How is the arrival time determined?

The Stop Detection algorithm determines when a vehicle arrives at a stop according to the Control Tower. Stop detection is a rather complicated algorithm, because it has to be able to deal with complicated situations. For example, multiple stops at neighboring houses close together, or a route that passes very close to a later stop. 


Wherever possible, the Control Tower uses manually drawn 'Geofences' to precisely delineate stop locations. In their absence, a circle is drawn automatically around the address. A setting determines the size of the circle. The default value is a radius of 100m.


In principle the arrival time is: the first moment that the vehicle is stationary within the geofence (a so-called 'standstill_event'). In case that cannot be determined, there are fallback options such as the first detected point within the geofence or de Area fence.


Example of a manually drawn Geofence:



Example of two automatically generated Geofences close together:



These 'fences' can be made visible in the Control Tower by activating the 'Breadcrumb' setting (and zooming in far enough on the map):


A Geofence or Area fence is a digital line around an area. We usually just call this a fence. Whether the presence of a vehicle inside a fence also leads to a registered stop depends on a number of conditions:

  • There must be several GPS points close to each other within the fence;
  • The vehicle must spend a minimum amount of time inside the fence. This time period is a setting. For example, for home deliveries it can be set to 3 minutes. For transport operations with loading and unloading it will be a bit longer;
  • Optionally, a minimum percentage of the planned stop time (or loading time) that must be spent inside the fence can be set;
  • There are 'catch' functions, such as that a very clear stop right next to a fence is also registered as a stop, under adjustable conditions;
  • It is possible to set whether or not stops are allowed to be registered in a different order (deviating from the planning);
  • There is a 'window' around the planned time of a stop within which it will be registered, these maximum 'too early' and 'too late' values can be set separately;
  • Depending on the type of vehicle and on-board computer, stopping the engine of the vehicle can also be considered as proof of stopping;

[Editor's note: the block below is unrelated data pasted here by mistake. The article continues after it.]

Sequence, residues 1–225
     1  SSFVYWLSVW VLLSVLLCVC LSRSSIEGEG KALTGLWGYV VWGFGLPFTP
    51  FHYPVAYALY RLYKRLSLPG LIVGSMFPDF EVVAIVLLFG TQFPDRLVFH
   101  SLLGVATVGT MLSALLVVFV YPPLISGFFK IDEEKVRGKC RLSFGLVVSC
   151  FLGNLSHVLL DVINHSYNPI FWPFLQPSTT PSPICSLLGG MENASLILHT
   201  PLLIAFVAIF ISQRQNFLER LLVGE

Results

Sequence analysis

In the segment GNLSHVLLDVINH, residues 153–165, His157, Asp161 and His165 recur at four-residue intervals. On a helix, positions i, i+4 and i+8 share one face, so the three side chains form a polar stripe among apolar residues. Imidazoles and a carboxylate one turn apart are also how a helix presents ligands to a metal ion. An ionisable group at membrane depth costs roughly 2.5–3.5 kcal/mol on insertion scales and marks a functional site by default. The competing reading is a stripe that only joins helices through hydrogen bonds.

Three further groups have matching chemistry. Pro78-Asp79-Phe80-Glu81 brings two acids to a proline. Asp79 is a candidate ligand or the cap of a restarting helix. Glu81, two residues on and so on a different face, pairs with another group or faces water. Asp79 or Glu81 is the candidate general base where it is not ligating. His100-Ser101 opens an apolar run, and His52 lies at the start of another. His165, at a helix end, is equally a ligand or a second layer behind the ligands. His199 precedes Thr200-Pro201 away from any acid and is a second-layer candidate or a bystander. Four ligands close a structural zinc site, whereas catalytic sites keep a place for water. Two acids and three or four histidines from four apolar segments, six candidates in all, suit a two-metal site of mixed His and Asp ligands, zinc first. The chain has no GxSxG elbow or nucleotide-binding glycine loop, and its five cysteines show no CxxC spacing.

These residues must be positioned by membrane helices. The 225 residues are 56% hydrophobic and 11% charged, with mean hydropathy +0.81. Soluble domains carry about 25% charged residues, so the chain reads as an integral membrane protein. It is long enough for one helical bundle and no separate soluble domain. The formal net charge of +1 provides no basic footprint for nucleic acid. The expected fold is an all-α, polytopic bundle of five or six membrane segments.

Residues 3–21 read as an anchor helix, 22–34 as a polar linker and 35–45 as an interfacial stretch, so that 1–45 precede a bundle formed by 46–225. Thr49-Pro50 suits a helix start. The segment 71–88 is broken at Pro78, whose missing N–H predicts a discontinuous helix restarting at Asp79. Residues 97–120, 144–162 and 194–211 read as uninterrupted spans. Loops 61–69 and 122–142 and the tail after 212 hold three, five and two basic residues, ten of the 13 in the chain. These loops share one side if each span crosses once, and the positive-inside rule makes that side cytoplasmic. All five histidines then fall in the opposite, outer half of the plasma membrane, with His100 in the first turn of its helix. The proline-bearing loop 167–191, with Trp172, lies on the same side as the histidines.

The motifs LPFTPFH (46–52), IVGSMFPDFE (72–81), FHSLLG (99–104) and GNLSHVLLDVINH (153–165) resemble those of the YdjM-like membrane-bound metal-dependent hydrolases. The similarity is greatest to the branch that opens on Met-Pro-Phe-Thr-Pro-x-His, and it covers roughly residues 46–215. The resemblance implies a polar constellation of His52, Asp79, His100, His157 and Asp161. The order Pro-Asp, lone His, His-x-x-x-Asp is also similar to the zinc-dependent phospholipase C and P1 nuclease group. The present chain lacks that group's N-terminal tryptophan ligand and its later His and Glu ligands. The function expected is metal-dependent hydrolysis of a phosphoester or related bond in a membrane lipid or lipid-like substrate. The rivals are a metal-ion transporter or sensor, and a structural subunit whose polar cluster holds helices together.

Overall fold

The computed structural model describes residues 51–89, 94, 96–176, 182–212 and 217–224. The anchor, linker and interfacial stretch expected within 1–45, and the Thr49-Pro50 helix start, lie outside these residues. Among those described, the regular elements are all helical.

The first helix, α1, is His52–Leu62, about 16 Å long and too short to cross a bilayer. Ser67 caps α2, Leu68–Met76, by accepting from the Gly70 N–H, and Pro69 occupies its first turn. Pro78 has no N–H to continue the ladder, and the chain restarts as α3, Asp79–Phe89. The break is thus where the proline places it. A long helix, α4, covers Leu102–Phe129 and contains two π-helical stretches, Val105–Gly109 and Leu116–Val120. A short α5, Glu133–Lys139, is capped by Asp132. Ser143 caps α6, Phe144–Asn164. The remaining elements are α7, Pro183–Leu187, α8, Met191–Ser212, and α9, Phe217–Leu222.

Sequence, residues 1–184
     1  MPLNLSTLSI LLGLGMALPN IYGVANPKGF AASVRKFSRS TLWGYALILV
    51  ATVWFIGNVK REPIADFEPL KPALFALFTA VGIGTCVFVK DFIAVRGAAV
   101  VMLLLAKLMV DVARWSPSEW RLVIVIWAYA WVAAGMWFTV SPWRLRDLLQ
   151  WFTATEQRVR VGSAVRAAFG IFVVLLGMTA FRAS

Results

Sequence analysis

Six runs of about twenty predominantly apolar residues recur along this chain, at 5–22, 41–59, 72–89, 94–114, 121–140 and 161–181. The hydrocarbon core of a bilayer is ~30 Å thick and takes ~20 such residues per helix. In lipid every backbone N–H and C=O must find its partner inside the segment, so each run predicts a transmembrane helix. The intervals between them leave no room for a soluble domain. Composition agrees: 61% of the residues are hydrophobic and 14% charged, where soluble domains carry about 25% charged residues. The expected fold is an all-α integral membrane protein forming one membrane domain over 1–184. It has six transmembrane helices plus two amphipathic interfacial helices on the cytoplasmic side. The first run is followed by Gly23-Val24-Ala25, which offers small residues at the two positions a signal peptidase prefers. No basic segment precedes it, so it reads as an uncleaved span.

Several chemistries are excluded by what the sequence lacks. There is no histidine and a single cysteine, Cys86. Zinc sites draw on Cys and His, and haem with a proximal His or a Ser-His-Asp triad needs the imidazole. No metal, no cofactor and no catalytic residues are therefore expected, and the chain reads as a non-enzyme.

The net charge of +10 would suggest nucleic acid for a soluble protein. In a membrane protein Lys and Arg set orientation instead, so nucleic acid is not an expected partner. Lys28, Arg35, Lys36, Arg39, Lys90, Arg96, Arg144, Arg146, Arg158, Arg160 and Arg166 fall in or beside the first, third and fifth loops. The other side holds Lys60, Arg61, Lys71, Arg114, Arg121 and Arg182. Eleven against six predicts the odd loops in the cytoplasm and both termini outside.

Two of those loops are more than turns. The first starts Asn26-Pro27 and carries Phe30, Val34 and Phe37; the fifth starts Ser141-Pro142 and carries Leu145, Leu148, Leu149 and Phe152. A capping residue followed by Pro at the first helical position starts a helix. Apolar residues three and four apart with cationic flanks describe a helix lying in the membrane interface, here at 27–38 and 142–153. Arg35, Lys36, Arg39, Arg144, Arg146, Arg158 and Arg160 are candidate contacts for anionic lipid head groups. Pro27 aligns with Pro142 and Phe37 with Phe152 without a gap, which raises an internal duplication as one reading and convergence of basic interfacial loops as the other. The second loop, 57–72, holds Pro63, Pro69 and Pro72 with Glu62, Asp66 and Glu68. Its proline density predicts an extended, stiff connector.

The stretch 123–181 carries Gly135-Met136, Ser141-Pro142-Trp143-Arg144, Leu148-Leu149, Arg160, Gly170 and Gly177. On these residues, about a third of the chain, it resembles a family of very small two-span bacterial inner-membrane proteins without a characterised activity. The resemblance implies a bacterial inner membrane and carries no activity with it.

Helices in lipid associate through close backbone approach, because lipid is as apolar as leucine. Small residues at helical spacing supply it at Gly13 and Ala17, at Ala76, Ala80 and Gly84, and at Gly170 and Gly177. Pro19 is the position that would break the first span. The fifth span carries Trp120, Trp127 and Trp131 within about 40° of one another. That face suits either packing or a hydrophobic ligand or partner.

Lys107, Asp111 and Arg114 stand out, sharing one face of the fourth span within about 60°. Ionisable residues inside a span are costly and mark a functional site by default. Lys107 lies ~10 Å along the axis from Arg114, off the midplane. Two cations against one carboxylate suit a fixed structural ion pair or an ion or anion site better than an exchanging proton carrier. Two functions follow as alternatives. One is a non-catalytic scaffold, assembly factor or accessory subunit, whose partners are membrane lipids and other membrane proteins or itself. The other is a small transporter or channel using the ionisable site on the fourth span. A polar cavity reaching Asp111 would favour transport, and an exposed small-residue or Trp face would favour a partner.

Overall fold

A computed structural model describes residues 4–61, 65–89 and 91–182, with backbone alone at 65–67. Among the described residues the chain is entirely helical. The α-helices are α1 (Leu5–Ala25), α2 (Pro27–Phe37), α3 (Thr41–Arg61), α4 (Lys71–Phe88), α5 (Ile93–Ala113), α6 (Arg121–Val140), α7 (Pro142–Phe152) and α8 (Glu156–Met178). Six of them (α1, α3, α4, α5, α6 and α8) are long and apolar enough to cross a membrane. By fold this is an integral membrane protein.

• The speed of the vehicle is monitored: if it is 0, there is a standstill. This is also a condition to register a stop.



Analysis in case of arrival time problems


Problem: A stop has incorrectly not been registered.


Below are a number of possible explanations if this occurs:

  • The GPS registration was not correct. No points have come through at all, or the 'gps drift' was so great that the points were too far apart or even outside the fence. Occasionally, there is also a problem with a device whereby the points are seen hundreds of yards away from the actual location. The solution in these cases is usually a check of the device or the app used by the driver. It can also be a temporary connection problem if it recovers itself later.
  • The stop was shorter than the set minimum time. If this happens often, it is advisable to adjust that setting.
  • The driver was too early or too late, or deviated from the planning sequence where this is not allowed.
  • The journey was already completed according to the Control Tower, because the last stop had already been completed (rightly or wrongly). Subsequent stops are ignored in this case.
  • The previous trip of the vehicle is not yet completed, because the last stop(s) of this trip were not registered. The solution is to manually 'complete' the stops of the previous trip, the data will then be processed and the active trip will be 'recovered' (there is a time limit for this, default is 4 hours).



Problem: A stop was registered even though it did not happen


Below are a number of possible explanations if this occurs:

  • The driver stopped for several minutes near the stop location, for example due to a break, a traffic light or traffic jam, as a result of which the stop was registered too early. Stopping there again will then no longer be registered. This is something to bear in mind when drawing geofences (e.g. so that a motorway or intersection is not accidentally included). This is also a risk if several locations are very close to each other.
  • If the same location occurs more than once in a route, this can also go wrong. For example, if the driver leaves the geofence briefly during the first stop and then enters it again (e.g. because of a break or because a detour is made between loading and unloading), this can wrongly be seen as two stops instead of one. This can be solved by drawing Geofences wider and setting the maximum 'too early' value correctly.
  • A 'neighbour delivery', because two stops are close to each other, it concludes that both have already been visited although in fact only one has. If this happens a lot in your operation, feel free discuss possible improvements with Simacan.